Forgive me a moment of reflection, if you will.
This will not be a literary post, but it is one that seems to be the one itching the most to get out.
Yesterday on Facebook, in the spirit of “Throwback Thursday” (where you post something commemorating your personal past, such as a childhood photo), and in honor of the 13th anniversary of 9/11, I posted a picture of a personal memorial I undertook on the 10th anniversary of the most devastating terrorist attack on American soil.
I wanted to do more than fly the flag or put a sentimental picture up on social media. A moment of silence in remembrance is a nice gesture, but it felt dark and empty to me (not necessarily a bad thing, considering what was being remembered). I wanted my memorial to be more personal, an inner acknowledgement, not a display. And I wanted it to honor the people who died, not the politics or the ideologies or the conflict surrounding how they died – simply to honor those who got up one morning, went to work like any other ordinary day, but never came home.
It came to me that the most respectful thing I could do was to read each and every name of the people who died in the attacks on the Two Towers and the Pentagon. But then it occurred to me that a reading of the names was perhaps too easy; eyes could glaze, the mind could start wandering. Even reading the names out loud could become rote. Those actions just didn’t seem like enough.
So I decided to write each name down, and to take the time to write the names neatly. Simply, though, nothing fancy. Just one name per line on a sheet of regular college-ruled notebook paper, front and back. But in the act of writing the name – not typing it, writing it out by hand – I was forced to spend a few moments with each and every person who lost their life on that fateful day. To acknowledge them as individuals. I learned a tiny bit about each one as I carefully copied their names on the growing list; which ones were policemen and firemen, which were business travelers, which were restaurant workers or client service personnel or administrative personnel or lifetime military personnel, which were tourists, which were casual commuters, which were children. Which were misguided, lost souls. In the few moments that it took me to write their names, they reached out and touched me, each and every one. For the few moments that it took me to write their names, I cherished each and every one.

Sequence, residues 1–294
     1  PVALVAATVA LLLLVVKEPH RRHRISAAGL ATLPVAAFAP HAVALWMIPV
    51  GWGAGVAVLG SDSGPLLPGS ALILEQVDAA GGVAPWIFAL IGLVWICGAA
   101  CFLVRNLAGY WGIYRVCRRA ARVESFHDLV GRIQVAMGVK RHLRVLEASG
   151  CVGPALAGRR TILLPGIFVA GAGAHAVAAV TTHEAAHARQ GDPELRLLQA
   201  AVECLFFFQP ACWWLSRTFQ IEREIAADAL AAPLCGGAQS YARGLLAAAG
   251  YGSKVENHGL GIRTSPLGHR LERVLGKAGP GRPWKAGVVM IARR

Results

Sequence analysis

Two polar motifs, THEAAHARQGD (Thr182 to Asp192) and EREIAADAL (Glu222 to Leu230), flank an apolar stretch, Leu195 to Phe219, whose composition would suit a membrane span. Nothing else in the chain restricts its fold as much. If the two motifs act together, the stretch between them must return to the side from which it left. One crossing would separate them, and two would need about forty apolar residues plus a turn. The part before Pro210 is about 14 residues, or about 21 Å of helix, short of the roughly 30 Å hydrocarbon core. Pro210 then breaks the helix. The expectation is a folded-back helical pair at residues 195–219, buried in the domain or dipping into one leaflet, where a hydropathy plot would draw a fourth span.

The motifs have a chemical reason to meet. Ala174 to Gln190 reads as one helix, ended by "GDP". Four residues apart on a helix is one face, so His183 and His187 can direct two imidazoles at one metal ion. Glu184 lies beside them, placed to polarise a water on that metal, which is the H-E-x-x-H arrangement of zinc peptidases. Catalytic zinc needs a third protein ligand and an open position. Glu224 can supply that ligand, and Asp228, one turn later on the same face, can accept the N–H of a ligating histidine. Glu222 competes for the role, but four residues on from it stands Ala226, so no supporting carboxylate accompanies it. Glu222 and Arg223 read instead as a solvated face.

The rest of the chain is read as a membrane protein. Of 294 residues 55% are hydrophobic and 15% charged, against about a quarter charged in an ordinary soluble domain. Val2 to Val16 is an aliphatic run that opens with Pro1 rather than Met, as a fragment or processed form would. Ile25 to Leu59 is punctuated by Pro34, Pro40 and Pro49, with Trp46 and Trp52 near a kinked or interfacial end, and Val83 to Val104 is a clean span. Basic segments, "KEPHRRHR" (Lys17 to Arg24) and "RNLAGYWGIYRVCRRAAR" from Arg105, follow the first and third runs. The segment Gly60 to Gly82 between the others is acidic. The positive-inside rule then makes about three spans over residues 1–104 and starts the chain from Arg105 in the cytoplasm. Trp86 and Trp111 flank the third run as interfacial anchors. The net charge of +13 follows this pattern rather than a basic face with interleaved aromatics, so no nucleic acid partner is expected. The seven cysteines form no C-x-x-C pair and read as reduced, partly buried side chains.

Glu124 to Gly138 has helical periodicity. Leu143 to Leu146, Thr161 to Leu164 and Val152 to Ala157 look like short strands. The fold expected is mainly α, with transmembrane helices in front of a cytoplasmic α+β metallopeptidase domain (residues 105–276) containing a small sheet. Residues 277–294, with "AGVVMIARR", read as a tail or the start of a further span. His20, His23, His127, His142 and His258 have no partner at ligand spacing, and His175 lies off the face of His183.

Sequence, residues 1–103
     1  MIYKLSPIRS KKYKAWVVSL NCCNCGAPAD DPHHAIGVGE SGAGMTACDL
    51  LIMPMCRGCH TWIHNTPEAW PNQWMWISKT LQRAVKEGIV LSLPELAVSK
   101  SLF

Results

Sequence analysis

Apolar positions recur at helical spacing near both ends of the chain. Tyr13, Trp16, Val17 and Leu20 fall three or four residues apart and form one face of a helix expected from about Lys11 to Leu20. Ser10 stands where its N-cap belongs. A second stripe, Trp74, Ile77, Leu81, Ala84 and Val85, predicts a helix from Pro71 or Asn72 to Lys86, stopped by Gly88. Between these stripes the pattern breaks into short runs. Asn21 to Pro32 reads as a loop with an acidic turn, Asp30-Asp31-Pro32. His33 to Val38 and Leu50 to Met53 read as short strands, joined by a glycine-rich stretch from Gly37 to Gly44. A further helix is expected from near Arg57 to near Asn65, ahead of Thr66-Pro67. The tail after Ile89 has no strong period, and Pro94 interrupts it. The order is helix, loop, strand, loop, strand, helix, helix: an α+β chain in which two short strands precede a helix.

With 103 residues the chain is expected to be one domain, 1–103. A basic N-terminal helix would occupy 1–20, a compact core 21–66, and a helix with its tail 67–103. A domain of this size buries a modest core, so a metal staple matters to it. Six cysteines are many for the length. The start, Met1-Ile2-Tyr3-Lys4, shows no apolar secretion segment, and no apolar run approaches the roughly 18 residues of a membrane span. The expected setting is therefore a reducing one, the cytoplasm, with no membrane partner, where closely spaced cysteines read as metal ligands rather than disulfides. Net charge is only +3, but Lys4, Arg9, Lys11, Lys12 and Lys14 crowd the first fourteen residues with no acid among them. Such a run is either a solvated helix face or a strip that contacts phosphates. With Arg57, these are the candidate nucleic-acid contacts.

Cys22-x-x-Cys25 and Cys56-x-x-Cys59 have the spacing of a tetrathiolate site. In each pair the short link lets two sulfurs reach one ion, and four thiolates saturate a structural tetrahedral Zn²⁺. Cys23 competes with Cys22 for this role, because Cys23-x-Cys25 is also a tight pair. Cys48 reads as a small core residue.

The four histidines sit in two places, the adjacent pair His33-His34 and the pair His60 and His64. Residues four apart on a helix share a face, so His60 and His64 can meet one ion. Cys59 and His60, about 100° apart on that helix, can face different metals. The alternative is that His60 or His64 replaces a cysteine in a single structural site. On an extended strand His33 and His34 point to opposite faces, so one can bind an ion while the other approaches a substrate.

It didn’t take me very long to realize what a daunting task I had undertaken. Two thousand, nine hundred and ninety six is a pretty abstract number until you break it down to individual brushstrokes – or individual names. It was a good thing that I had started before 9/11; I never would have been able to accomplish my goal if I had started on that day. As it is, I worked way into the wee hours the night before, in order to have them ready for September 11, by 8:46 am.
I wasn’t sure what to do with the names once I had them, what to do with the close to 50 pages of careful lists covering the front and back of each page. It didn’t seem right to make them a spectacle, and yet it felt like they needed to do more than just sit on a stack on my writing table.
Then the morning broke, and it was beautiful. Sunny and warm, with a bright blue sky and a light breeze. For some unknown yet vitally important reason, I wanted the names to be held up to that sunlight, to that beauty. So I strung red yarn between the columns on my front porch and poked a hole into the corner of each page with a paper clip, and hung them up to catch the light. Each name, experienced as an individual, was now part of a solemn yet beautifully fluttering testament to the frailty of human existence.